Supporting the next generation of developers through volunteering

Mississippi Coding Academies is a non-profit that operates tuition-free, 11-month courses on full-stack web development to recent high school graduates. Yesterday, it just concluded its second cohort!

I’ve been volunteering there — helping out with student evaluations and offering positioning/growth advice for the past couple of years. In the time I’ve spent there, I’ve come to see just how important it is that we support the next generation of developers. Most of the students I meet there have no technical background, but they are very eager to learn. The academy has done a good job creating a culture where learning new things and being open to changing your ideas is standard.

Mentorship has hands-down been my #1 mechanism of growth as an engineer, and I never want to forget how impactful it can be to offer up my time to help the next wave of developers.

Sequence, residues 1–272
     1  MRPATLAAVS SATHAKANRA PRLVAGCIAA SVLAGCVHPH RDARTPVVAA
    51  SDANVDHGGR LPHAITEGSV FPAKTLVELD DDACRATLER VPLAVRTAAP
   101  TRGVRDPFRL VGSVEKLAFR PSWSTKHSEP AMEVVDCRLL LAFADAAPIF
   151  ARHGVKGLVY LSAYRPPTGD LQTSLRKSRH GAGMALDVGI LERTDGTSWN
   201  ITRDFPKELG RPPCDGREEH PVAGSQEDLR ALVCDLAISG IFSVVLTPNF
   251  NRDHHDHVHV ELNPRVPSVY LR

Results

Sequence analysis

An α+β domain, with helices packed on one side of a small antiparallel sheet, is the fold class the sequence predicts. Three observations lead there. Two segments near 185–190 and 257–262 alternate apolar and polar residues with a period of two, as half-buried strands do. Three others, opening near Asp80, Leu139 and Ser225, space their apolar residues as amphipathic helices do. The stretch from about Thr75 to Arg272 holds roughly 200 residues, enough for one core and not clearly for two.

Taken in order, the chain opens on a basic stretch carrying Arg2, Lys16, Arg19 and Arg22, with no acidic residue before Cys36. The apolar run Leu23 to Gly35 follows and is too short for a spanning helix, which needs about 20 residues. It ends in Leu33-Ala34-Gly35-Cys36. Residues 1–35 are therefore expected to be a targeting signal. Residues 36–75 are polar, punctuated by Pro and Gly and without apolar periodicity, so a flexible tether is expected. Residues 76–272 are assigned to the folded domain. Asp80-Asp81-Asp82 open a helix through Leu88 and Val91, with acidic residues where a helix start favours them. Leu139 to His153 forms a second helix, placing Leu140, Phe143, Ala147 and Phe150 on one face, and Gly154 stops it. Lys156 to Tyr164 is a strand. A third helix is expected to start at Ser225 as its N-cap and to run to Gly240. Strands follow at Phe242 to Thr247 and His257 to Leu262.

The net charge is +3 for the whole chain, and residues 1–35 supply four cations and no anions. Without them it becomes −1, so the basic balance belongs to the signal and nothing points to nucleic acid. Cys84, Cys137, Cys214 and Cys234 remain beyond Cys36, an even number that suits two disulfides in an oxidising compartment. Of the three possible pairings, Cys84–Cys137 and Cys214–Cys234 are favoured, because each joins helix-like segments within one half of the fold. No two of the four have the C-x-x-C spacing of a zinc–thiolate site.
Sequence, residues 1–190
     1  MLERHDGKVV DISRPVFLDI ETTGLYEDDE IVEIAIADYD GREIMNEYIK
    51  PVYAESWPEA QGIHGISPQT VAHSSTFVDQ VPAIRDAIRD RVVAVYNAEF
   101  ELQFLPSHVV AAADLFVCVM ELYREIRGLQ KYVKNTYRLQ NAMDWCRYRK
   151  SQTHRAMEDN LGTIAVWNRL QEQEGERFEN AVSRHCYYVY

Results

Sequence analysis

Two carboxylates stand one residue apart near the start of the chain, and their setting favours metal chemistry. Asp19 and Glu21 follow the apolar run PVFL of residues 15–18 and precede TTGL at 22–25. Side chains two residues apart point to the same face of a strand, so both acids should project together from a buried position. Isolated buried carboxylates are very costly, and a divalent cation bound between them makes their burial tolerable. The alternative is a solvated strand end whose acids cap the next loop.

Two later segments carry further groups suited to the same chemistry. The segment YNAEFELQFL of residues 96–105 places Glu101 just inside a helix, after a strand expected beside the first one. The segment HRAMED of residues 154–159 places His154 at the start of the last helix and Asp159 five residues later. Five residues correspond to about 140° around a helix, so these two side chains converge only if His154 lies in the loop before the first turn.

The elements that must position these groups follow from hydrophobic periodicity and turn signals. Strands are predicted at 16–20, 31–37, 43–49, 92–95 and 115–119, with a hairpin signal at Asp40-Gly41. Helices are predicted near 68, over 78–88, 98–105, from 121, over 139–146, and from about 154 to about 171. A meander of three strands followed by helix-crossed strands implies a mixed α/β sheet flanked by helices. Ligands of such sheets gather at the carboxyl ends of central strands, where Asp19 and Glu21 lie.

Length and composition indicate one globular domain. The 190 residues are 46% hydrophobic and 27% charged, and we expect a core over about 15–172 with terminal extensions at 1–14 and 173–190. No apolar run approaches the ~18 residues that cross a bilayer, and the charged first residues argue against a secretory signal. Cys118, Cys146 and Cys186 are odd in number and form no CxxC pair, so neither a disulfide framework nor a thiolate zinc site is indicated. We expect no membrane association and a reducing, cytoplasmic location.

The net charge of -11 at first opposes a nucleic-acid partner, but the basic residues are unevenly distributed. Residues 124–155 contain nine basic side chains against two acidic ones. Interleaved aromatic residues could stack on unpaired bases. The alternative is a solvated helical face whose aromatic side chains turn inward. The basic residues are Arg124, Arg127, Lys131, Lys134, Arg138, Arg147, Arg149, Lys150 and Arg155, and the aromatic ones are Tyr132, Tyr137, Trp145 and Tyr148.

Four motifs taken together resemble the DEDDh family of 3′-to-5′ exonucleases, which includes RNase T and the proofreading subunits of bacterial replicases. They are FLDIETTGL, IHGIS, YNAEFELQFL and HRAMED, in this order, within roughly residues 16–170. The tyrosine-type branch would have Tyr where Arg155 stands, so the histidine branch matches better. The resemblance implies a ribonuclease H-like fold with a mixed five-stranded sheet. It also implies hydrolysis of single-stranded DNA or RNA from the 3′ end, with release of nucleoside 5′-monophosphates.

At Echobind, we strongly value mentorship. We believe constantly learning from others and paying it forward by teaching others is the best way to both grow as an engineer and help shape the tech community in a positive way.

It’s an expected part of your role as an engineer here, and it must be something you regularly practice in order to level up in the company. But we also value mentorship externally, through volunteering at places like Mississippi Coding Academies.

A Challenge

We have a challenge for you. If you’re an individual, find one person who wants to know about something you know about. Offer to teach them for free.

If you’re a company, find ways to create a culture of mentorship and volunteering in your organization. This can be in the form of pair programming, mock interviews, volunteering at bootcamps — there’s many ways to give back to the community!

We’re all standing on the shoulders of giants — don’t pretend for one second that everything you’ve learned and built has just been because of your work alone.

Thanks again to my team for sponsoring my time yesterday! I love getting to serve these students in my community.

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JC Hiatt